Investigates

‘It’s unsettling:’ University Park home abandoned for years racks up $350K in fines

JACKSONVILLE, Fla. — A local home has sat abandoned for years racking up hundreds of thousands of dollars in fines, while neighbors said it brings down the appeal of their community.

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University Park draws dozens of neighbors from all over, including Justin Jarrell and his son.

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“I loved the house. My son fell in love with it. So, I bought it immediately when he said dad this is where I want to live,” he told Action News Jax’s Robert Grant.

Jarrell wants to live in the neighborhood for years and said it’s a tight knit community. But there’s one home that’s become a major eyesore.

“We have to look at something like this that’s decayed, abandoned, there’s trash all over it,” Jarrell explained. “You can see raccoons in and out of the opening at the top of the home. Cats as well...When it gets hot, it smells like mold and urine. That’s kind of unsettling.”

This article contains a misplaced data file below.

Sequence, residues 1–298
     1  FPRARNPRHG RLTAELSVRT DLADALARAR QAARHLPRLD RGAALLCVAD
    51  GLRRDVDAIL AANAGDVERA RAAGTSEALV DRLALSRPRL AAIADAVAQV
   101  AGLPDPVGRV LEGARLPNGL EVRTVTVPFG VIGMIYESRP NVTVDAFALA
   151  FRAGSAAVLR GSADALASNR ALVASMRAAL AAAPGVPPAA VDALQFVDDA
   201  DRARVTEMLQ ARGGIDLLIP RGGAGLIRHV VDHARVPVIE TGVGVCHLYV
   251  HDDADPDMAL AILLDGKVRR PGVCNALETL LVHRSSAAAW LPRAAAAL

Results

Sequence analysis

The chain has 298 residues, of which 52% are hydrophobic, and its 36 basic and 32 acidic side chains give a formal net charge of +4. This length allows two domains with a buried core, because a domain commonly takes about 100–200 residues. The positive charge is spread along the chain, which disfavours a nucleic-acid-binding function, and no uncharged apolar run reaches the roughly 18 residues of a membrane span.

Neighbors reached out to Action News Jax after our investigation on Jacksonville’s so-called “zombie homes.”

Action News Jax Investigates discovered the first violation on the home on Bradshaw Street was filed six years ago in March 2018 after a tree fell on the roof. Code compliance approved demolition five years later in May 2023. According to an inspector’s report, it was “in danger of collapse & poses an immediate threat to health and safety.” It has since been condemned.

READ: JFRD puts out two abandoned home fires on Jacksonville’s Northside

But the case was deferred to January of this year, and the fines have since been doubled to $500 a day. Now it still sits abandoned and racked up a total of nearly $360,000 in fines according to a city representative.

The owner is former Jacksonville City Council Member John Crescimbeni who is now a staffer at the Downtown Investment Authority. Crescimbeni said he’s “frustrated as well and shares the neighbors’ concern and is trying to work through a solution.”

Neighbors hope it happens soon. “Just anything to make our neighborhood look a little bit better, because this is the craziest eye sore in this part of town,” Jarrell said.

READ: ‘It’s just a horrible sight’: Westside man says he’s repeatedly asked city to remove abandoned house

The city said because the home is condemned, it could be demolished but “preferably by the owner.” Condemned properties are demolished by the city in order of threat to the public, a city representative said.

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